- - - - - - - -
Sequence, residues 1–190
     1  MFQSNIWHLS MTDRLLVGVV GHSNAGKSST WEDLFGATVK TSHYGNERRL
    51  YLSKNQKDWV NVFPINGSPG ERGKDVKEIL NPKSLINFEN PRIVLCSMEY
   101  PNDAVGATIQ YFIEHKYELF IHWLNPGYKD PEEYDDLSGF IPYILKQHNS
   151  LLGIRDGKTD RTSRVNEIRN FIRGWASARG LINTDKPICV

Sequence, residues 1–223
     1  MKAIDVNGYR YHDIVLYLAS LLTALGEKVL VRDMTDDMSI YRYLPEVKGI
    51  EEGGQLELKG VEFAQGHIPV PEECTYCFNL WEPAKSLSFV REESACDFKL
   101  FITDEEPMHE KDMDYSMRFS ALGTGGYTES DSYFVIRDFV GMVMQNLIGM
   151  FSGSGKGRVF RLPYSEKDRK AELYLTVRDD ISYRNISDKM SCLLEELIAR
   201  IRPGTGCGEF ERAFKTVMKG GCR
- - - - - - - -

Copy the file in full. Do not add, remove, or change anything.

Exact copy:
Sequence, residues 1–190
     1  MFQSNIWHLS MTDRLLVGVV GHSNAGKSST WEDLFGATVK TSHYGNERRL
    51  YLSKNQKDWV NVFPINGSPG ERGKDVKEIL NPKSLINFEN PRIVLCSMEY
   101  PNDAVGATIQ YFIEHKYELF IHWLNPGYKD PEEYDDLSGF IPYILKQHNS
   151  LLGIRDGKTD RTSRVNEIRN FIRGWASARG LINTDKPICV

Sequence, residues 1–223
     1  MKAIDVNGYR YHDIVLYLAS LLTALGEKVL VRDMTDDMSI YRYLPEVKGI
    51  EEGGQLELKG VEFAQGHIPV PEECTYCFNL WEPAKSLSFV REESACDFKL
   101  FITDEEPMHE KDMDYSMRFS ALGTGGYTES DSYFVIRDFV GMVMQNLIGM
   151  FSGSGKGRVF RLPYSEKDRK AELYLTVRDD ISYRNISDKM SCLLEELIAR
   201  IRPGTGCGEF ERAFKTVMKG GCR